Yet, Father, still, Your will be done.

Since 'tis your sentence I should part

With what is nearest to my heart,

My little all I here resign,

And, lo, my heart itself is Thine.

Take all, great God; I will not grieve,

But wish I still had more to give;

I hear your voice; you bid me quit

This favored gourd—and I submit."


It is mentioned as one prominent feature of pure religion, "to visit the fatherless and the widows in their affliction." I well remember, when my dear father died, that some of our kind, godly friends came to see my poor mother, and one of them said to her, "This day, my friend, you become heiress to promises more numerous, full, and particular, than to any other state or condition mentioned in scripture; and from this day forward it will be your privilege to plead at the throne of grace: 'Lord, you have seen fit to make me a widow, and these my children fatherless; and now, remember the word unto your servant on which you have caused me to hope.'"

This sentiment rested on the mind of my dear mother, and often roused her fortitude when she seemed ready to sink in overwhelming grief. And she, and those dependent on her, ever had reason to say that not one good thing failed them, of all that the Lord had spoken. We had struggles, to be sure, and sometimes met with unkindness and oppression; but often friends and protectors were raised up, and sources of supply opened most unexpectedly and seasonably. We were all of us willing to work, and, under the blessing of God, our hands have been sufficient for us. Above all, the prayers of our parents were answered in our family being preserved in peace and love, and each of us, I trust, brought to love and serve the God in whom they trusted.

When we read a passage of scripture together, and anything struck my mother as particularly suitable, she would often say, "Mark that place down, child; we may be glad to refer again to it ourselves: besides, there are many widows in Israel; and glad should I be to point out to another that which has brought comfort to my own mind."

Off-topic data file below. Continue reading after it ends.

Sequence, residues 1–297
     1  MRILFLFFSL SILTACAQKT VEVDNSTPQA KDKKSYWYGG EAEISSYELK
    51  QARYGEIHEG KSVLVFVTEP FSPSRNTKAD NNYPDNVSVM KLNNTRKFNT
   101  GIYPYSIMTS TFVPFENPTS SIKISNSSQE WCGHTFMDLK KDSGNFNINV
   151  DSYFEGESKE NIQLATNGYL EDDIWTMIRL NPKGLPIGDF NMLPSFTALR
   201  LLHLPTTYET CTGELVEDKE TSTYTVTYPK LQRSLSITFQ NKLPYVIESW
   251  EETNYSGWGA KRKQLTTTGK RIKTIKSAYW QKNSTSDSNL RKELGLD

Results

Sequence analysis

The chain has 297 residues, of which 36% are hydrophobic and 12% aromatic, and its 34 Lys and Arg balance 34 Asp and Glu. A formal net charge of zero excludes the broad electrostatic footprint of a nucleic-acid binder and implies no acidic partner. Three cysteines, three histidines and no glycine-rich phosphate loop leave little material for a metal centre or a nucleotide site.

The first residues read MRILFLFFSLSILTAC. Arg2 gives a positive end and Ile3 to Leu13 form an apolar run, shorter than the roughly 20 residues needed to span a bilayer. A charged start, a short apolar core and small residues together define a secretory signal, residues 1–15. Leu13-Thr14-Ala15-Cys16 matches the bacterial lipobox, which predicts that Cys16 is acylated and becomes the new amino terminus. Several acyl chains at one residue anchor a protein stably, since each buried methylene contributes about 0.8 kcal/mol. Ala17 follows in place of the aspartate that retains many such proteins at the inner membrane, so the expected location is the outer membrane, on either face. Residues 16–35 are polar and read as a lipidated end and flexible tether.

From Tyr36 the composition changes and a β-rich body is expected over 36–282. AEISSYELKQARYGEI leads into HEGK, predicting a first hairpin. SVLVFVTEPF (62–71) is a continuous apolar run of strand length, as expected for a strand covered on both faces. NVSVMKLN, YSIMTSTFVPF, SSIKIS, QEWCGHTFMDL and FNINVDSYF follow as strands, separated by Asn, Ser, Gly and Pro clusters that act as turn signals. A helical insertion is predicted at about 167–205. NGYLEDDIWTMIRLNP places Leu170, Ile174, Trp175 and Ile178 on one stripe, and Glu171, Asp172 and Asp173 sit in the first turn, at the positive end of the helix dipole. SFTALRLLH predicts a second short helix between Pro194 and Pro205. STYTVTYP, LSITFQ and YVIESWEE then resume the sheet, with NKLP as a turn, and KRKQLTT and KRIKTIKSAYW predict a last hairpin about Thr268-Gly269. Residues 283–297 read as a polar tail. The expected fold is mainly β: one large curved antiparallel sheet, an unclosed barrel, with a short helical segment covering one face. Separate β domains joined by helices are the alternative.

In this manner, I got a number of passages marked down under different particulars, applicable to the case of widows and fatherless children; such as these:

God has taken widows and fatherless children under his special care and protection. "The Lord relieves the fatherless and the widow." Psa_146:9. "A Father of the fatherless and a Judge of the widows is God in his holy habitation." Psa_68:5. "Leave your fatherless children; I will preserve them alive; and let your widows trust in me." Jer_49:11. "The Lord will establish the border of the widow." Pro_15:25. "In you the fatherless finds mercy." Hos_14:3. "You are the Helper of the fatherless. Lord, you have heard the desire of the humble. You will prepare their heart. You will cause your ear to hear, to judge the fatherless and the oppressed, that the man of the earth may no more oppress." Psa_10:14, 17, 18. "Remove not the old landmarks, and enter not into the fields of the fatherless, for their Redeemer is mighty, and he shall plead their cause." Pro_23:10, 11.

Many of the laws given to God's ancient people, the Jews, express his tender concern for the widow and the fatherless. "Do not take advantage of a widow or an orphan. If you do and they cry out to me, I will certainly hear their cry. My anger will be aroused, and I will kill you with the sword; your wives will become widows and your children fatherless." Exo_22:22-24. "The Lord executes the judgment of the fatherless and the widow." Deu_10:18. "And the fatherless and the widow which are within your gates, shall come and shall eat, and be satisfied, that the Lord your God may bless you in all the works of your hand which you do." Deu_14:29. "Do not deprive the alien or the fatherless of justice, or take the cloak of the widow as a pledge. When you are harvesting in your field and you overlook a sheaf, do not go back to get it. Leave it for the alien, the fatherless and the widow, so that the Lord your God may bless you in all the work of your hands." Deu_24:17, 19.

It is often mentioned in scripture as a good feature of character, to be kind and tender to the widow and the fatherless. Those who are so, are encouraged to pray for a blessing on their substance: "When you have finished setting aside a tenth of all your produce in the third year, the year of the tithe, you shall give it to the Levite, the alien, the fatherless and the widow, so that they may eat in your towns and be satisfied. Then say to the Lord your God: "I have removed from my house the sacred portion and have given it to the Levite, the alien, the fatherless and the widow, according to all you commanded. I have not turned aside from your commands nor have I forgotten any of them. Look down from heaven, your holy dwelling place, and bless your people Israel and the land you have given us as you promised on oath to our forefathers, a land flowing with milk and honey." Deu_26:12, 13, 15.